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U.S. Public Pensions: In a "Downward Spiral"

City of Dallas pension fund crisis is a harbinger of broader calamity "that is gaining speed"

by Bob Stokes
Updated: December 12, 2016

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[Editor's Note: The text version of the story is below.]

It's a bull market, so public pension systems should be in good shape -- but, they're not.

Our July 2016 Elliott Wave Financial Forecast warned:

Many pension fund assets are far more precariously positioned today than they were before the 2007-2009 bear market.

The funding gap for public pensions in 2012 was $1.83 trillion. Today, it's almost twice as large at $3.4 trillion.

Our September Financial Forecast sounded the alarm again by showing this chart and saying:

The chart shows the growing government pension costs (i.e., taxpayer costs) relative to the number of employees. Even the largest U.S. public pension fund is not immune. The California Public Employees' Retirement System returned a paltry 0.6% on its investments through the year ended June 30. It was the worst performance since the bear market ended in 2009. ...  Communities will quickly find themselves pressed to lower payouts or raise taxes.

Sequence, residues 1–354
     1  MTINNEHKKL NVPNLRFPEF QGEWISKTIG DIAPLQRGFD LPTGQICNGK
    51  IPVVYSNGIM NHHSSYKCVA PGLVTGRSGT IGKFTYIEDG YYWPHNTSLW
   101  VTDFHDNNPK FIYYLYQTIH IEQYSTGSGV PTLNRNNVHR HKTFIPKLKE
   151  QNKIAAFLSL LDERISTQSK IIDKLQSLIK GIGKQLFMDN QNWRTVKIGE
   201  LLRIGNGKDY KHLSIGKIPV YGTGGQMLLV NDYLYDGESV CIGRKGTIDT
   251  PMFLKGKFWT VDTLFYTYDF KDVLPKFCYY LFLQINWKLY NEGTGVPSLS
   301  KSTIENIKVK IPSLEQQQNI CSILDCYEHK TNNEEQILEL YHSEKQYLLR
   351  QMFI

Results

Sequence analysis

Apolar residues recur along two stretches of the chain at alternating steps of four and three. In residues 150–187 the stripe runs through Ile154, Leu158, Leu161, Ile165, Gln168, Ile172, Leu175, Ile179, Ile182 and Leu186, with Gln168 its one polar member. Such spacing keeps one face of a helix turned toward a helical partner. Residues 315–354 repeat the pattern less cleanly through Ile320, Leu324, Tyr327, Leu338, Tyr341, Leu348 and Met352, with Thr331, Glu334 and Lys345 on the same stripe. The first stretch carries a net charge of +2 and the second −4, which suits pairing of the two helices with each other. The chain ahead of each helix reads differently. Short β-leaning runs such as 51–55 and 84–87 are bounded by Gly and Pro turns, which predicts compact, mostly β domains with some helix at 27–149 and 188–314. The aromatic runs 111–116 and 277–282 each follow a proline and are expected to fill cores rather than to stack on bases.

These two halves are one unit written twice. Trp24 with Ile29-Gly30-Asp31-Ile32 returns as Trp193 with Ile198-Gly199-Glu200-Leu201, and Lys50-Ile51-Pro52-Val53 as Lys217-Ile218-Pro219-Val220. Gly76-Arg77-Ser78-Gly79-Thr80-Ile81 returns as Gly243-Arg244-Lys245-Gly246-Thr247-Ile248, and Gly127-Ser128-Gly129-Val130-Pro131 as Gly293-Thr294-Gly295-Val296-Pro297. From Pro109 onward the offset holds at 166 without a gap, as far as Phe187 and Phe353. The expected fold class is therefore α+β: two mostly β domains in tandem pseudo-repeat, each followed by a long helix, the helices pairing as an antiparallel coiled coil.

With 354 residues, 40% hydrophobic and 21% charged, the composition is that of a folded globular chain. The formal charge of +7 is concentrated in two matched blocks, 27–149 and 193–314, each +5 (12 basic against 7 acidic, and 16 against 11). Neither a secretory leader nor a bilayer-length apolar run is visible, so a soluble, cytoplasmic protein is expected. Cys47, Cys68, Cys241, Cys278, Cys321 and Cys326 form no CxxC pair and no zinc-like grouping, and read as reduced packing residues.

Indeed, Dallas taxpayers are being asked to fork over big bucks (The New York Times, Nov. 20):

The city's pension fund for its police officers and firefighters is near collapse and seeking an immense bailout.

The request is for $1.1 billion, but even that amount would fall way short of meeting obligations.

Since August, when the pension board proposed benefit cuts, retirees have rushed to withdraw $500 million from the fund. In the latest crisis development, pension officials suspended large lump-sum withdrawals (Dallas Morning News, Dec. 8):

Dallas Police and Fire Pension Board ends run on the bank, stops $154M in withdrawals

With the goal of an 8% return, the Dallas pension fund has invested in a slew of alternate ventures, including risky real estate investments and even a stake in the American Idol production company. As you may know, American Idol is now off the air.

Other U.S. public pension systems have taken on ramped-up risk. Many are in hot water. Our July Financial Forecast noted that the states of Illinois, Arizona, Ohio and Nevada are prime candidates for insolvency. So are the cities of Chicago, Houston and El Paso.

Singing River Health System in Mississippi revealed that its unfunded liabilities skyrocketed from $4 million to $304 million from 2009 to September 2015.

Robert Prechter's Conquer the Crash warned retirees against relying on pension funds.

Now, we are starting to see why.

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